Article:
Being Fingerprinted in Lampedusa

By Matteo de Fazio, Riforma.

A perspective from Lampedusa just few weeks after the reception centre turned into a hotspot. At the Lampedusa’s Commercial pier, sixty boys and girls from Eritrea have been waiting for the ferry to be transferred to Sicily. They smile, they are happy to leave. As if, behind the harbour and the sea, there were the very end of their journey – a journey that has begun long time before and during which they met other people and experienced violence and oppression. They are smiling: if the journey has not ended in Lampedusa (in which a few days before they were welcomed) at least they can leave from here. They made a step further little by little.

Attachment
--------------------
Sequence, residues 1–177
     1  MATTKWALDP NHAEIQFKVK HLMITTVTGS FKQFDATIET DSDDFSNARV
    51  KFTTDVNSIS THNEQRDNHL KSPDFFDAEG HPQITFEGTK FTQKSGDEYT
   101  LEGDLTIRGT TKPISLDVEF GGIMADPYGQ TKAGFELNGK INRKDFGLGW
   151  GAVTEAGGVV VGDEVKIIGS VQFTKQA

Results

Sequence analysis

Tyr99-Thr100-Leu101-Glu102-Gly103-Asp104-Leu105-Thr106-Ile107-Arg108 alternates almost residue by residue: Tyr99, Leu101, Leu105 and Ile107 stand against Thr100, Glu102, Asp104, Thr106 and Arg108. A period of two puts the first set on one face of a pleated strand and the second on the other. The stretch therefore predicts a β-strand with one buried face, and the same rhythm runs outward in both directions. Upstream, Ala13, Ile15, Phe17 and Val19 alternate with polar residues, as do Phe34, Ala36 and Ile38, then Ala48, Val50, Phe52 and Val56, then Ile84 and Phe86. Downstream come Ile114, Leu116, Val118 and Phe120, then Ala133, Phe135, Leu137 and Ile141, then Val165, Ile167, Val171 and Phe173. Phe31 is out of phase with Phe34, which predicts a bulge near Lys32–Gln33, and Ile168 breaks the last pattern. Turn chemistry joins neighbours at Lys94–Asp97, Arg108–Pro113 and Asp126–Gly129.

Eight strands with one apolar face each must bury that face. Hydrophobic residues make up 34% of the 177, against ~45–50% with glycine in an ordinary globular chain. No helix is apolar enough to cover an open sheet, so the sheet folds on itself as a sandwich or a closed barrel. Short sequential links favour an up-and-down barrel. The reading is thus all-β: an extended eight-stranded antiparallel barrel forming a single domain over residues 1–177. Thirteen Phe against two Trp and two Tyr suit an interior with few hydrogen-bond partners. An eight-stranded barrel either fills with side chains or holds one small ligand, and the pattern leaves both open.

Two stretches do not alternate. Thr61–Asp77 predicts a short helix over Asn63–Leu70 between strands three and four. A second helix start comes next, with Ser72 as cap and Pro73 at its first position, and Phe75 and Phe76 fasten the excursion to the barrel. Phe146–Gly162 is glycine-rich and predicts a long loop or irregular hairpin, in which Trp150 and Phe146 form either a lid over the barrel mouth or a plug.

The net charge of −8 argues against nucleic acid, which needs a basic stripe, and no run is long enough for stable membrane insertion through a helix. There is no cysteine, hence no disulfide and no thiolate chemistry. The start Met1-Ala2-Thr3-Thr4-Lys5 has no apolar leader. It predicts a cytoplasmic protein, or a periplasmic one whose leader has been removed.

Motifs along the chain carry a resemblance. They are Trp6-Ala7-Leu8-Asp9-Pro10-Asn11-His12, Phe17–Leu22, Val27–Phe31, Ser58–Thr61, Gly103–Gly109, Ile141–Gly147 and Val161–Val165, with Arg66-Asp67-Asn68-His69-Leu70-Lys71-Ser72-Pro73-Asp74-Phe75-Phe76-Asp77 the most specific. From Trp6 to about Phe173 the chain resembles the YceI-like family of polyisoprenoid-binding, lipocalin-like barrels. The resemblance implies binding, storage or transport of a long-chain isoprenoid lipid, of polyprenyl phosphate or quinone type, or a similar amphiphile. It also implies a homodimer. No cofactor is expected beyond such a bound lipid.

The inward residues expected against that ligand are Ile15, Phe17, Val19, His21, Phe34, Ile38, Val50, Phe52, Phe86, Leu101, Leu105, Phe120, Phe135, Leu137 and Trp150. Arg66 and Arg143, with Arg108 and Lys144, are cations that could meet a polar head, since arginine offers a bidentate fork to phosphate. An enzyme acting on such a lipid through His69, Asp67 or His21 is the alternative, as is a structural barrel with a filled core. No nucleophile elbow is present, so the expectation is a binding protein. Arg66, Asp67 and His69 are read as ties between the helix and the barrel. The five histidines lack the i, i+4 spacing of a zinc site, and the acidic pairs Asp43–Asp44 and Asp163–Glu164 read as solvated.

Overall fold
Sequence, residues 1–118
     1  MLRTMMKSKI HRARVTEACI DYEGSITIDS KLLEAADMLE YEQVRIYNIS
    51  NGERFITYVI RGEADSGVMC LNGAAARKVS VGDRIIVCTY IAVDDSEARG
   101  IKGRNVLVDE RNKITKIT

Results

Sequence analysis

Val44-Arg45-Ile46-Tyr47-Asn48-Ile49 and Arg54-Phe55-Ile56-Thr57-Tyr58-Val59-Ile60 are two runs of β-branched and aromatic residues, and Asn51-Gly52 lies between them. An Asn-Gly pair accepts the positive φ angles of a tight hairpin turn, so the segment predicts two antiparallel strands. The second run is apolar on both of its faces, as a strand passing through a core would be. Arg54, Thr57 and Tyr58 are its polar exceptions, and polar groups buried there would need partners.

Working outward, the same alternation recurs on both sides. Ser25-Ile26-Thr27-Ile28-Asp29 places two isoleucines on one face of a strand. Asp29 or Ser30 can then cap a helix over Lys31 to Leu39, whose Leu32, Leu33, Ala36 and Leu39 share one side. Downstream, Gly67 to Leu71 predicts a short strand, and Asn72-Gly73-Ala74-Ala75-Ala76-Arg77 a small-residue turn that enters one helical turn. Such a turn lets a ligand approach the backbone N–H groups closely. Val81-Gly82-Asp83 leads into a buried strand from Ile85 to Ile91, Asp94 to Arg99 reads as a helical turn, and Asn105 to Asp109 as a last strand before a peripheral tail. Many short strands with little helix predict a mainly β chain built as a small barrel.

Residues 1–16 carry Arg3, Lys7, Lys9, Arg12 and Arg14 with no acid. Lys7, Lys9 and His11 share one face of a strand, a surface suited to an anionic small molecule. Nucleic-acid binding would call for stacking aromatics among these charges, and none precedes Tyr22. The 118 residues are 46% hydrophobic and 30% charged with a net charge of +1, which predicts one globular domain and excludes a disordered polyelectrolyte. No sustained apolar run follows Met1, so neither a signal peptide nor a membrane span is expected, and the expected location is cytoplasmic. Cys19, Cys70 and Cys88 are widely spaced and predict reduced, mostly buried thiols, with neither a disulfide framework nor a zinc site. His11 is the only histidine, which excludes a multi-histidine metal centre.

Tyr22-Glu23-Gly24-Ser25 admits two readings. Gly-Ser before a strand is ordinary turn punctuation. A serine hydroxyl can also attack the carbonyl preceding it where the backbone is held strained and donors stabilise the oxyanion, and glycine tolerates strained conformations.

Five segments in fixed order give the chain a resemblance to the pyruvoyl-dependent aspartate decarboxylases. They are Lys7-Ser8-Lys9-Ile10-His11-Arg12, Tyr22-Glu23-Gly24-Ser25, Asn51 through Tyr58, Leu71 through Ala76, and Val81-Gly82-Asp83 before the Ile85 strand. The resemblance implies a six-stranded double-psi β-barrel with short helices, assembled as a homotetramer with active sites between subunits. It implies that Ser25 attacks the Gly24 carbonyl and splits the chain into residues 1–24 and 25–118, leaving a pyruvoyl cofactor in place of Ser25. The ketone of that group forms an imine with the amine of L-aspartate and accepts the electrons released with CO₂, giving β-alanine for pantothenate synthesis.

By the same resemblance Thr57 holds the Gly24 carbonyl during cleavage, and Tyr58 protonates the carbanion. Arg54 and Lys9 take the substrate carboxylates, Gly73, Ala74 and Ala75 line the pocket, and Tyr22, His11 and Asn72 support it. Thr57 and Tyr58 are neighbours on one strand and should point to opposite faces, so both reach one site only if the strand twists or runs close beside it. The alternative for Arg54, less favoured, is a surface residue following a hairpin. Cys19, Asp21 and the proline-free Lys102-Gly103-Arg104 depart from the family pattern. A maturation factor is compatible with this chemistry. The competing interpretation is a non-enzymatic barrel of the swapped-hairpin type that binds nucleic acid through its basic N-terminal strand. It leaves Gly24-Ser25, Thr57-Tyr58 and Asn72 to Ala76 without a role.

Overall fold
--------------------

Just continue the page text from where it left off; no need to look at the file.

They were moved to the pier by bus. This bus boarded them directly from the reception centre. On October 4th, these same people have protested along the streets of Lampedusa for not releasing fingerprints. No fingerprint, no borders, freedom they shouted in the streets of the city centre. Leaving their fingerprints in Italy would tie them to our country in case they submit a request as refugee or condemn them to be repatriated, if they could not apply as refugees. After the departure of this group from Eritrea, a group of immigrants from North Africa has gone on hunger strike for two days for the same reason. Protests and demonstrations have quietened down. Perhaps the authorities would not get their fingerprints. At least not in Lampedusa. This situation, which went largely unnoticed in the media, can only confirm an important change in recent weeks, the transformation of the local reception centre in hotspot. Hotspot means a place of identification and registration of immigrants to allow them to enter a reception programme according to the European quotas: essentially divide economic migrants from those in need of protection. This is a distinction on which there is much to discuss. It seems to reduce the issue to a mere division between good and bad. However, when we talk about people who are looking for a better future, it makes no sense. “We should stop thinking of migrants as vulnerable. We must support and foster them”, said Francesco Piobbichi, operator at Mediterranean Hope – “They have the chance to fight for their rights, and this is a great opportunity also for our own rights. Together we will change the course of these events, for better or for worse”. For those who observe these phenomena, the protests are closely linked to the start of the identification hotspots. “To date the only active hotspots in Europe is the one in Lampedusa. The island is once again a place of experimentation and laboratory as for the policies of the European border – says the MH Observatory through the NEV agency – Italy should now place 24, 000 refugees in Europe and in 2015 have landed more than 130,000 people: what will happen to the rest? What will happen inside the hotspot when in a few months they will know that those who are fingerprinted will stay in Italy?” In the past few weeks, some immigrants, which have recently landed to Sicily after a brief interview with the police, were provided with a decree that forces them to leave Italy within 7 days, without the chance to apply for asylum. Thus, dozens of people will not have any tool to get oriented. This condition will encourage them to live in an illegal status, easily ending up in the net of crime. If hotspots are such a place in which apply quotas to reach, number and a quick bureaucracy, instead of elaborating the phenomenon what will become Lampedusa? What if residents, who now greet the last tourists, accept this sad role for their island, which over the years has experienced many cycles relating to immigration flow and many changes that are often set out by other entities. The MH Observatory in Lampedusa is wondering about what will be the future changes on the island, with the development of the hotspot: the border is moving liquidly. “Many people say that Lampedusa is a place of welcome, but I think it is more than this – says Piobbichi – Lampedusa is surely the island of salvation for immigrants, but paradoxically it is the island of segregation. Hundreds of kids are closed in the reception centre waiting to be registered as refugees or economic migrants that means to live a clandestine life. We have been also working to break this mechanism”.